A field of cowbell-equipped-cows may create a soothing soundscape of wind and chimes, but what’s soothing to us doesn’t translate to the cows. Though Christopher Walken and internet humor from over 14 years ago require more cowbell, it turns out the actual bovine after which the bells are named really hate the things.
A study was performed as part of a doctoral dissertation for the Swiss Federal Institute of Technology in Zurich where agricultural scientist Julia Johns and a colleague measured the decibel levels of cowbells. The team attached 12-pound cowbells to over 100 cows across 25 locations around the country, and it turns out the cowbells can reach decibel levels of 113 — far above the legal limit of 85. The cowbells aren’t just over the legal limit, but reach a level of noise equivalent to a jackhammer or a chainsaw.
The team studied the cows reactions, and though the above video seems like pleasant ambient noise, the sounds may negatively affect the cows’ behavior and health. The duo found that the cows exposed to the cowbells chew their food for significantly less time than the cows without the bells, and some cows have even proven to have their hearing severely impaired.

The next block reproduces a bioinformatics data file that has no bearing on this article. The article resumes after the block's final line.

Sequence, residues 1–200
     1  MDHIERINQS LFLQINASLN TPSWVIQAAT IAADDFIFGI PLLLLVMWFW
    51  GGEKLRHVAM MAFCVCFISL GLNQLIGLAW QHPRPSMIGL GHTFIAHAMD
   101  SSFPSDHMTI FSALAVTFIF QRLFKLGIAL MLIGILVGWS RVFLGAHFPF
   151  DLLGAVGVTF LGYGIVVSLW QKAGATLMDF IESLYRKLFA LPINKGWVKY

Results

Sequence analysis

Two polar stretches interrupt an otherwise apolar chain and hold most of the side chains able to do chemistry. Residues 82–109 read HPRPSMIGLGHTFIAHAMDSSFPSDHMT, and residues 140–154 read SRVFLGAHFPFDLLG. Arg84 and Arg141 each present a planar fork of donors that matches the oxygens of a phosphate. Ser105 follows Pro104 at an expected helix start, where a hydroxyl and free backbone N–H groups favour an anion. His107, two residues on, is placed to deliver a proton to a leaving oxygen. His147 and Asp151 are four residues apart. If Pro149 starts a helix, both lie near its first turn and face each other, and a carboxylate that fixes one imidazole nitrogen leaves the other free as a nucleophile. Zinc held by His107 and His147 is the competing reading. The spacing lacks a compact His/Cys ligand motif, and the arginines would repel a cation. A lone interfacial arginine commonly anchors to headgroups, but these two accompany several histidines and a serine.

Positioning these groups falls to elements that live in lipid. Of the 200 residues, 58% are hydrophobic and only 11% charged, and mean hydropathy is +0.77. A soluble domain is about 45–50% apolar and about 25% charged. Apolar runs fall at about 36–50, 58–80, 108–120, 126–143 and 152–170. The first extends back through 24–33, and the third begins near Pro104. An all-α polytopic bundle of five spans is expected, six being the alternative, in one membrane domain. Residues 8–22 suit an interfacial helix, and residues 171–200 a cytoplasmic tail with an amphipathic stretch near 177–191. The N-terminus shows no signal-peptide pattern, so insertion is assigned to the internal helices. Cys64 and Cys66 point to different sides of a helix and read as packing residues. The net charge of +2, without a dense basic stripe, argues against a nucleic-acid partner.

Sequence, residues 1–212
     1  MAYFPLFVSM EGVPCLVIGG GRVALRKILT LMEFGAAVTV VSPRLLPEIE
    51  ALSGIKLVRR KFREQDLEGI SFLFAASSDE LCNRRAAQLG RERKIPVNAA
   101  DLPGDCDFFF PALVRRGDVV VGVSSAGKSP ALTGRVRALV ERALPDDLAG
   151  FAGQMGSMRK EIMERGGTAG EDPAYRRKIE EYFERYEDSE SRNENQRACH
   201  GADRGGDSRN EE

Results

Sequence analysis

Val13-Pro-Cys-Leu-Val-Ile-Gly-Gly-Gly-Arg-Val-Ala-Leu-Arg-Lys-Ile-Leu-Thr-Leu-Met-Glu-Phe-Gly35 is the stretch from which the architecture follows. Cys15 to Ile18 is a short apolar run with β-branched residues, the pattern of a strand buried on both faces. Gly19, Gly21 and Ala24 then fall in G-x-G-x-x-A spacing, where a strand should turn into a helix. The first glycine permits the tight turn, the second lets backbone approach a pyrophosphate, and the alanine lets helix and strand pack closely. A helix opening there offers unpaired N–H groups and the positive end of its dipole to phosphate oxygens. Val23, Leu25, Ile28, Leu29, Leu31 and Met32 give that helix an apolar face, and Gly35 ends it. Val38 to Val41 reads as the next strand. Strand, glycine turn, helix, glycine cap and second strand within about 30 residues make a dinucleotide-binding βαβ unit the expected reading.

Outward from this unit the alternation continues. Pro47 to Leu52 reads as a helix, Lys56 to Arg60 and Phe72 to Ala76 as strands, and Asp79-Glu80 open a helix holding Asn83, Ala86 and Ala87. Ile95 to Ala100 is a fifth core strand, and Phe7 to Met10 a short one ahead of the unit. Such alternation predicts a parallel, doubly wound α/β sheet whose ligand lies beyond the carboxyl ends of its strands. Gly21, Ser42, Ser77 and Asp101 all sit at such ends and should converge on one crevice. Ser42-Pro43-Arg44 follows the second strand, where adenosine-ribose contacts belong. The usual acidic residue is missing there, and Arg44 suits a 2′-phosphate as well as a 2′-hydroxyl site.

The team does admit that the weight of the bells could also negatively affect the cows, but a slightly heavy cowbell necklace likely wouldn’t cause hearing impairment.
Farmers use the bells to locate cows grazing in pasture, but researchers have suggested replacing them with GPS trackers. However, the farmers claim that poor reception in the mountainous areas would make that solution difficult. Furthermore, the soundscape of cowbells ringing across Switzerland’s wilderness is iconic to both tourism and culture. If the cows are actually suffering, though, it might be time to focus on another iconic part of Swiss culture.